Dressage through the decades. - Page 2
 
 

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Dressage through the decades.

This is a discussion on Dressage through the decades. within the Dressage forums, part of the English Riding category
  • Jan duffy dressage
  • Calmers for dressage horse in nz

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    12-27-2011, 01:34 PM
  #11
Yearling
Quote:
Originally Posted by Spyder    
Not sure Spyder what I am supposed to be seeing on this page.

The origin of the warmblood was the army remounts, they wanted horses that were strong, sane, easy to keep but were somewhat lighter on their feet and with more agility and speed. To get this they crossed the farm working horses (coldbloods) with TB's and Arabians (Hotbloods) and developed a warmblood - mix of hot and cold! In the UK these were refered to as Hunters.

The horses were named after the area they were developed in. Most of the studs being government controlled the type became quite a true type. Warmblood is actually a relitively new term for these horses - they were always refered to by there area of origin.

The modern warmblood can now be bred outside of these areas but to be registered as a particular 'type' still have to be examined by the governing body or their representitive.

I breed New Zealand warmbloods - 1st cross - back to the basics, producing a strong, versatile, sane, active horse that should be able to do any discipline with success.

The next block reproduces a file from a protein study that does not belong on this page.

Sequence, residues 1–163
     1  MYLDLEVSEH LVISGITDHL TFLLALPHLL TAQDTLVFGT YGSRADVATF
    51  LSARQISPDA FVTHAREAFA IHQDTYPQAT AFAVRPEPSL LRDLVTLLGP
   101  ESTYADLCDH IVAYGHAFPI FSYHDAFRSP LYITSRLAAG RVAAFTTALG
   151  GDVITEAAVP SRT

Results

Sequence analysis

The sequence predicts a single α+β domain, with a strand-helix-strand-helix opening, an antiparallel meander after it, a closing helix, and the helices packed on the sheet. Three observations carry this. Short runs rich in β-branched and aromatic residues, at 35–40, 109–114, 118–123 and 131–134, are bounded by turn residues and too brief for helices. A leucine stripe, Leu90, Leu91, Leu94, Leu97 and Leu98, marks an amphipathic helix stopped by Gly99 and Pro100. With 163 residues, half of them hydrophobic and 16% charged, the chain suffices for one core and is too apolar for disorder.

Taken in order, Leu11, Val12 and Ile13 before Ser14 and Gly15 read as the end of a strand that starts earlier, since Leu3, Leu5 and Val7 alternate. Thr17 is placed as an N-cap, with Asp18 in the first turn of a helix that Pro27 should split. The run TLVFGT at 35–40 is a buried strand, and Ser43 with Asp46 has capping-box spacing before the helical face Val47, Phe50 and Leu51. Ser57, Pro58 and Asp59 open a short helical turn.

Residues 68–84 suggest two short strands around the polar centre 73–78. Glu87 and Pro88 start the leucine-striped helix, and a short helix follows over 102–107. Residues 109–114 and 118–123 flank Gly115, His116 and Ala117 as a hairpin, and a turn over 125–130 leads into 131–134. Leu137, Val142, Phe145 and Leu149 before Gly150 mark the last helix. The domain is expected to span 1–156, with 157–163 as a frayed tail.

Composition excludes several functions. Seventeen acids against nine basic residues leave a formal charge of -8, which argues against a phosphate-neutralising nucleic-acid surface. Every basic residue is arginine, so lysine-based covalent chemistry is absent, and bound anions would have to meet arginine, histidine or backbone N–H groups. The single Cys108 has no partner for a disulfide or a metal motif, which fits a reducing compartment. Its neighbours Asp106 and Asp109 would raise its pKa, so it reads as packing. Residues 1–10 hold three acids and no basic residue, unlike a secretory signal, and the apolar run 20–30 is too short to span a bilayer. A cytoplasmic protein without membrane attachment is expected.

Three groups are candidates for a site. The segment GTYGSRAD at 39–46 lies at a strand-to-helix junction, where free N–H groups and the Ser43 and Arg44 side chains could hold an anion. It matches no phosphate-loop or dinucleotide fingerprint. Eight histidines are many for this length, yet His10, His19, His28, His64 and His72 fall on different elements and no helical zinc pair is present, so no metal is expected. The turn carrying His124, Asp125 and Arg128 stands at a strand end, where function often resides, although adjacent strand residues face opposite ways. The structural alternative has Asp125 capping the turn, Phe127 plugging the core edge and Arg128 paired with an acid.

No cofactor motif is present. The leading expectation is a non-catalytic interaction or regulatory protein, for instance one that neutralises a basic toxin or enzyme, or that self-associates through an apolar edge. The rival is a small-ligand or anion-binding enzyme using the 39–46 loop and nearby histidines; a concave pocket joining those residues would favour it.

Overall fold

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    12-27-2011, 02:02 PM
  #12
Banned
Quote:
Originally Posted by Tnavas    
To get this they crossed the farm working horses (coldbloods) with TB's and Arabians (Hotbloods) and developed a warmblood - mix of hot and cold!

What I am saying is the mare base that developed into the warm bloods we now see were not just drafts TB and Arab. The mare base was a hodge podge of many many different types. Some were more from the lighter desert types like the Andalusian/Arab and Barb and other breeds that are almost not available now. Some looked more draft and a lot were of the carriage type.

So many DIFFERENT breeds were in the mixture that you simply cannot say the WB came from draft/TB/Arab crosses.

That is why trying this mixture in NA will fail as the soup base cannot be duplicated. We CAN however develop our own type of WB unique to NA but can never be compared to the European WB..EVER.
     
    12-27-2011, 02:14 PM
  #13
Yearling
Spyder - the horses used in the early days of breeding the war horse were farm/draft/carriage horses. They weren't the mix that we see now but the everday horses that were used to work the farms prior to motorised transport. Eg
This filly yearling is half Clydesdale half TB
     
    12-27-2011, 02:24 PM
  #14
Weanling
I want to hear more about the changes in dressage as a sport, not about Warmblood history. Subbing.
     
    12-27-2011, 02:53 PM
  #15
Green Broke
Quote:
Originally Posted by MicKey73    
I want to hear more about the changes in dressage as a sport, not about Warmblood history. Subbing.

Its for everything Mickey, including how the horse's have changed to 'suit' or even unsuit our needs as riders- as has been mentioned twice they're not so much 'amatuer' friendly anymore... is that because we've refined the the horse's too much, asking for too much perfection rather than looking at practicality?